Complaints against Devon and Cornwall Police rose by 2% to 1,048 during 2011-12, figures released by the Independent Police Complaints Commission show.
The commission has published its annual police complaints statistics for all 44 police forces in England and Wales.
Devon and Cornwall received 1,048 complaints – up from 1,028 in 2010-11 – containing 1,648 allegations.
Only half of those were recorded within ten working days, the lowest rate in the country and a significant fall from the 82% in 2010-11. The force also took 129 days to finalise complaints, the second longest period nationally.
There were also 164 appeals to the Independent Police Complaints Commission from members of the public about Devon and Cornwall's handling of their complaints. Of the 137 appeals completed by the IPCC, it upheld 65, or 47%.
A spokesman for the force said: "Although there has been a slight increase in the number of complaints recorded against officers and staff, compared with the same period last year, we believe that this shows that the public are increasingly confident in making a complaint and knowing that it will be dealt with seriously, which helps to improve the relationship we have with the public in Devon, Cornwall and the Isles of Scilly.
"We have seen an improvement in the way low level complaints, such as verbal disagreements with police officers, are resolved with these types of complaints reducing.
"While this can always be improved, we continue to train and educate staff so that complaints are dealt with and resolved in as quick a time as possible.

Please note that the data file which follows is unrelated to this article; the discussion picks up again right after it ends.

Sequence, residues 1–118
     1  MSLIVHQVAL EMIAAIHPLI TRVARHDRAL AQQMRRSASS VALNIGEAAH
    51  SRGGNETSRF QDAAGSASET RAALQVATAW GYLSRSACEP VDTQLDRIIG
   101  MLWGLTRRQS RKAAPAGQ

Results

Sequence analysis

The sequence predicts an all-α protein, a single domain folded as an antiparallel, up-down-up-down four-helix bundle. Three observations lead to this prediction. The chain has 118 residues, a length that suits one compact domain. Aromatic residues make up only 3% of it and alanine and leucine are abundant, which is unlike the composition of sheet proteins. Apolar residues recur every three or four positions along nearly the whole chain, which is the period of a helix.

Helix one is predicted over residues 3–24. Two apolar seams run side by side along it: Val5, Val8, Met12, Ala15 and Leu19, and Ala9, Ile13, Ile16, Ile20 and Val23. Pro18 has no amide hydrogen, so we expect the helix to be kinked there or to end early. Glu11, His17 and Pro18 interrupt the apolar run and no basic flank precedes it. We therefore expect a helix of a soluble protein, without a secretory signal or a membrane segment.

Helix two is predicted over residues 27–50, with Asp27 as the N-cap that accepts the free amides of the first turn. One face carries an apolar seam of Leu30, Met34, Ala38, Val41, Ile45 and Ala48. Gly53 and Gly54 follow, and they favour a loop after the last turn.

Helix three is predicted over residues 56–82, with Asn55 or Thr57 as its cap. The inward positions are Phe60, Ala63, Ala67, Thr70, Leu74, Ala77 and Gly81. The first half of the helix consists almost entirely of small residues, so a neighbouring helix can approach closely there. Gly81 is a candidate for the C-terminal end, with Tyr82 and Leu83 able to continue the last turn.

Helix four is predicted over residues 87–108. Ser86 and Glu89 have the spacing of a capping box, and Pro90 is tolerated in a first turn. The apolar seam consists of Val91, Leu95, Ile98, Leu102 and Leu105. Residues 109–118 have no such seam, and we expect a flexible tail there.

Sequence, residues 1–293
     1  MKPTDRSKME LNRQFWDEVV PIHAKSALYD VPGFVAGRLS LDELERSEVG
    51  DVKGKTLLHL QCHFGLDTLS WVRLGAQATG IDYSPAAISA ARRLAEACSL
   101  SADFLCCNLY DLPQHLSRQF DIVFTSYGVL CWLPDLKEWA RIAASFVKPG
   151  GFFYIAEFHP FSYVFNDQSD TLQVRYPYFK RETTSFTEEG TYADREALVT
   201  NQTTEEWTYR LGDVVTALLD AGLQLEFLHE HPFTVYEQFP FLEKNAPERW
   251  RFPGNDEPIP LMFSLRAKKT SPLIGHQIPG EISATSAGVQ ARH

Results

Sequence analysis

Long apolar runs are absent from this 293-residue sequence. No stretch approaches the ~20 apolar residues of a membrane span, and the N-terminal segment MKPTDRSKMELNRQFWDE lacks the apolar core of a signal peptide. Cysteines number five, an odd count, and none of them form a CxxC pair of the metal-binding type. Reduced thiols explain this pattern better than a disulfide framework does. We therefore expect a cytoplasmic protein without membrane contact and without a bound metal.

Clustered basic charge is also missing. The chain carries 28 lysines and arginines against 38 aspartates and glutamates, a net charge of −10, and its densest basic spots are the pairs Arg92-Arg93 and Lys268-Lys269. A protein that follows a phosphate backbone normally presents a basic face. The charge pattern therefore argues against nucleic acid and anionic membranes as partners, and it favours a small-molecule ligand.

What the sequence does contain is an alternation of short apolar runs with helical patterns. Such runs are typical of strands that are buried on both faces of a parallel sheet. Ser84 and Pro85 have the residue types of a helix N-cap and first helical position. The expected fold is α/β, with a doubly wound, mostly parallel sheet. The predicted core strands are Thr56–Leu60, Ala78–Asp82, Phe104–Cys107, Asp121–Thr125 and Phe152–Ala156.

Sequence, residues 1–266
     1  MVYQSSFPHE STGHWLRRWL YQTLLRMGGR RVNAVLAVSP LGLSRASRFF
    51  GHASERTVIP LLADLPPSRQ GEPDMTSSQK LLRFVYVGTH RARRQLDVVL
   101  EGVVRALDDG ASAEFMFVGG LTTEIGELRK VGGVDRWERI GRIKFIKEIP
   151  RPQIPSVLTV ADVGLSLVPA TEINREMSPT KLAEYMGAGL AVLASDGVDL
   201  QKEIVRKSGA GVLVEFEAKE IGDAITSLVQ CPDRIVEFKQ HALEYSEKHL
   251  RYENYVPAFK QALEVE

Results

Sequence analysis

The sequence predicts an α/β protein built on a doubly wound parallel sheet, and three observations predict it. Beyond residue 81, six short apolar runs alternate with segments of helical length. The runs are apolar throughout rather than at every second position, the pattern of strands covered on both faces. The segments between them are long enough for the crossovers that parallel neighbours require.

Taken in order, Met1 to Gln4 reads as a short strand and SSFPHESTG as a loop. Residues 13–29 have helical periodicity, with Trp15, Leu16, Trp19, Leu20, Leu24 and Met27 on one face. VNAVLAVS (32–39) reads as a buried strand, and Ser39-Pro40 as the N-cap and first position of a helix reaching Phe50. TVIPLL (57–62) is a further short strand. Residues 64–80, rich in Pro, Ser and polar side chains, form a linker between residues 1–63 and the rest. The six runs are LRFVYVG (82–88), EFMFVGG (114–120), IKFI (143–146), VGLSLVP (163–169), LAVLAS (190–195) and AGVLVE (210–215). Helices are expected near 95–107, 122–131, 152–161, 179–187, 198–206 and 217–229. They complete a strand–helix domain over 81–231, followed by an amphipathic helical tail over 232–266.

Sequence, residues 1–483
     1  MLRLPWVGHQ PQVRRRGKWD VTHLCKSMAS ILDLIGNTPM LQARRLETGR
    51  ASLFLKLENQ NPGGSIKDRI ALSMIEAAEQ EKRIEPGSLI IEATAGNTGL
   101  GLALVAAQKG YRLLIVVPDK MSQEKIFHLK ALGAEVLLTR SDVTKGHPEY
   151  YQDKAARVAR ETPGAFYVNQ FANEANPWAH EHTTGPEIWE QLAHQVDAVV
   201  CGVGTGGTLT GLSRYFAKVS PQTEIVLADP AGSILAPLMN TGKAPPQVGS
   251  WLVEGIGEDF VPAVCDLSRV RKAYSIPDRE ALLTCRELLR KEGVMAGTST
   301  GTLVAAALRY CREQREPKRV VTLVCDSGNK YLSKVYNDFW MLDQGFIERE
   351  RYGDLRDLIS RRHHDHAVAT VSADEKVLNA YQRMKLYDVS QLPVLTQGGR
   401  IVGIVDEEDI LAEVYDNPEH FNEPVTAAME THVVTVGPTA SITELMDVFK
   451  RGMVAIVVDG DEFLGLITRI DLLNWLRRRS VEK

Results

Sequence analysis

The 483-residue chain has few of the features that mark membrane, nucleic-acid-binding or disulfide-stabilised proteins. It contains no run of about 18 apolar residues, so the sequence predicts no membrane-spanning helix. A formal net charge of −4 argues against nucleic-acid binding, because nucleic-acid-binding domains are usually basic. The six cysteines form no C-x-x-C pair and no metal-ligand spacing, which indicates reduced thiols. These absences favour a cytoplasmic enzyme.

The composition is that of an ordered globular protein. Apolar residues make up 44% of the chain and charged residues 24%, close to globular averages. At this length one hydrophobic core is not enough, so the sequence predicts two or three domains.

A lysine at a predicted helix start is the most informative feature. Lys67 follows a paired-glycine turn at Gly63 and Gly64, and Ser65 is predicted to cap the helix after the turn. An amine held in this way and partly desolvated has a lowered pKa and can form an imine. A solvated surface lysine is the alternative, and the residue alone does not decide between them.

"We accept that we still have work to do in some areas such as recording cases within ten working days of the complaint having been made and measures have already been put in place to address this."
The spokesman stressed the "vast majority" of complaints were "not serious" and were "dealt with amicably with the aggrieved person".
He added: "Although the force has seen a 5% increase in the number of allegations made, 81% of those investigated were found to be unsubstantiated with 19% being upheld.
"There will be times when the force is asked to look at how it deals with incidents and we are always open to learning and striving to improve performance in this area.
"The public should quite rightly feel they can contact the police with any grievance they may have and be confident it will be properly and impartially investigated. The IPCC as an independent body can also help and support this process."
Nationally, the total number of complaints recorded by police forces in England and Wales fell by 9% to 30,143. The number of appeals made to the IPCC is increasing as is the number of cases it is upholding.